“Exceptional times” is a phrase that seems to have been used a lot in recent years, but reflecting on the Autumn Statement, in the context of the last year, it does feel like it applies to the tax world like never before.
Since the last full Budget in October 2021 we have, of course, changed Prime Minister twice, and Chancellor of the Exchequer three times, leaving Kwasi Kwarteng and Nadhim Zahawi as the second and third shortest serving Chancellors of all time. To be fair to Iain MacLeod, the only shorter serving Chancellor, he may have stayed in post well past the others if he hadn’t died suddenly of a heart attack a month after taking office.
In that time, we have also had the Spring Statement, which partially reversed the effects of the 1.25% Health & Social Care levy that the October 2021 Budget added to National Insurance from April this year, and by significantly raising the starting threshold for NIC taking effect in July.
We then, of course, had the Growth Plan 2022, announced on 23 September by Kwasi Kwarteng, as Liz Truss’s Chancellor. Aside from the politically “brave” abolition of the top rate of Income Tax, it saw the reversal of the entire Health & Social Care levy from November (but keeping those raised thresholds), the cancelling of the Corporation Tax rise to 25%, the abolition from April 2023 of part of the off-payroll working rules, and a reduction in the Basic Rate of tax to 19% from next year.
Few of these measures survived even until the Autumn Statement, with Jeremy Hunt reversing all of them, except for the removal of the Health & Social Care levy, in his first statement as Chancellor on 17 October. Perhaps it is no wonder that we didn’t see Liz Truss in the Chamber for the Autumn Statement on 17 November.
Whilst we might quite like a lot of the Autumn Statement to get reversed as quickly as Liz Truss’s Growth Plan, I suspect we have to expect this one to stick, as let’s be honest, we are really being told that we are economically in what Blackadder might describe as “the stickiest situation since Sticky the stick insect got stuck on a sticky bun”, as the tax burden rises to its highest level as a proportion of GDP since the end of the Second World War, and we are told that we are now in recession.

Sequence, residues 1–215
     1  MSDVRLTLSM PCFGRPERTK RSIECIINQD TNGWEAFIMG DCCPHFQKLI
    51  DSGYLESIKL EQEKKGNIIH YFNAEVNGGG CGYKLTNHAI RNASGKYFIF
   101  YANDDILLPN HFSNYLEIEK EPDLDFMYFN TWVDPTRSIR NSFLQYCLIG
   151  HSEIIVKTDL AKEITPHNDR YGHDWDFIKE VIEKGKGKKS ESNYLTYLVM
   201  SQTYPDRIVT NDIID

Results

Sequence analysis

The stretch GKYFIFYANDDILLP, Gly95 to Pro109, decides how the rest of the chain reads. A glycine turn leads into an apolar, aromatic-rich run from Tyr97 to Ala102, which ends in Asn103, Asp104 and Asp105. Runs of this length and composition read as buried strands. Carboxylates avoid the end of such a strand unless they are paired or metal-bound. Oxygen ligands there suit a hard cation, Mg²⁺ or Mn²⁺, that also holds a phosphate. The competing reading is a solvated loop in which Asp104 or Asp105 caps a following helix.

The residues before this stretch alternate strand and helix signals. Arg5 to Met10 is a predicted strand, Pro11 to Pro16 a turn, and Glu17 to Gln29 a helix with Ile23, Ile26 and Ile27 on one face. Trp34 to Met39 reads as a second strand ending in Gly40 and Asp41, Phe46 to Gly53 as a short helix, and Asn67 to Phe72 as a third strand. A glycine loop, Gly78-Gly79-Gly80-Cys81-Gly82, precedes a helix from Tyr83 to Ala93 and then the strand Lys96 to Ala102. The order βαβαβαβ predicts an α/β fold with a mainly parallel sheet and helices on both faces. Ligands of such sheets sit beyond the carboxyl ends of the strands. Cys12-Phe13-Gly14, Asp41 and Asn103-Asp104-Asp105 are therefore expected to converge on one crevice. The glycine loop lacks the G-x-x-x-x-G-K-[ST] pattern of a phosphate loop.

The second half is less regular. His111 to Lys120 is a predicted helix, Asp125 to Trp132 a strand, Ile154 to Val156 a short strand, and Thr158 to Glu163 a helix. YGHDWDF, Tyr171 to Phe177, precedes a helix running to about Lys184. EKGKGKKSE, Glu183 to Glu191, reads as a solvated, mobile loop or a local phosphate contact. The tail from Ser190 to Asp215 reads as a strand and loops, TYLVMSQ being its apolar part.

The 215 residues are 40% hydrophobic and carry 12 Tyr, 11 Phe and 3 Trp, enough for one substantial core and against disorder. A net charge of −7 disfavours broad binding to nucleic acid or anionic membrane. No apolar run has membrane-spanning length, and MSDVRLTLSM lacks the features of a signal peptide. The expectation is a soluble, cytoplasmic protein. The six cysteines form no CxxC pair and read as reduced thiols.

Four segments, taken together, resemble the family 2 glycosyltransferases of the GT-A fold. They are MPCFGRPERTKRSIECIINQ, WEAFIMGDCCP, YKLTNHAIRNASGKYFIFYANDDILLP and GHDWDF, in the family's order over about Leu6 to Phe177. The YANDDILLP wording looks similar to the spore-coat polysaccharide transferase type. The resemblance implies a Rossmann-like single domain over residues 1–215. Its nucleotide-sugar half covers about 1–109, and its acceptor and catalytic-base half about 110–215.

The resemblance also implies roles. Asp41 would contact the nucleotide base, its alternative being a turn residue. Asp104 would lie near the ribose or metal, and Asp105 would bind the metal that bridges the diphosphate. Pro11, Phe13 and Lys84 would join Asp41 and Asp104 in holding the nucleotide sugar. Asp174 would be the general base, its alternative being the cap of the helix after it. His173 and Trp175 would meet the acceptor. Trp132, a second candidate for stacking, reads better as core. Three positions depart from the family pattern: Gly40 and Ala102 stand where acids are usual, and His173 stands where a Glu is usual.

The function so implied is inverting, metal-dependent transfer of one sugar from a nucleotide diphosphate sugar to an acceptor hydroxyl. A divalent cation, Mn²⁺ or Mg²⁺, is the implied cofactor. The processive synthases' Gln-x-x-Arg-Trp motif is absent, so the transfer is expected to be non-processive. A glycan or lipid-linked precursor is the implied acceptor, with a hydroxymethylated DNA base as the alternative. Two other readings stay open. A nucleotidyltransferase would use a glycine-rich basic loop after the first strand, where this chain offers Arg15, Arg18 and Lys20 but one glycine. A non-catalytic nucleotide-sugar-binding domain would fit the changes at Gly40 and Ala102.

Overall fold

Probably the biggest tax story out of the Autumn Statement was “the big freeze” in allowances, which will now continue until April 2028, and for the first time, will include employer’s NIC. With current levels of wage inflation soaring, this will bring more taxpayers into higher rates of tax over the next 5 or 6 years.
Meanwhile, the starting threshold for the top rate of tax falls to £125,140 (the point at which the current Personal Allowance is fully tapered away), while the dividend exemption falls from its current level of £2,000 , to £1,000 from April 2023 and £500 from April 2024. The CGT annual exemption is also set to reduce from £12,300 currently, to £6,000 from April 2023, and £3,000 from April 2024. With the Corporation Tax rate increase to 25% now confirmed, and the extra 1.25% from the Health and Social Care Levy now staying on dividends, owner managed businesses will need to look carefully at circumstances to decide whether additional profits should be extracted as salary or dividends.
Companies will find new restrictions on R&D tax credits, and our R&D Tax Manager, Sasha Talbot, explores this over in her article.
Having finally taken the plunge to buy an electric car, I was disappointed to see the benefit in kind rising from 2025, together with the imposition of Vehicle Excise Duty. However, I think the numbers will still stack up, so we probably got away lightly.
Overall, there will be plenty that businesses and individuals need to plan for, and with a general election now only two years away, planning also needs to think about what further changes might come on a change of government.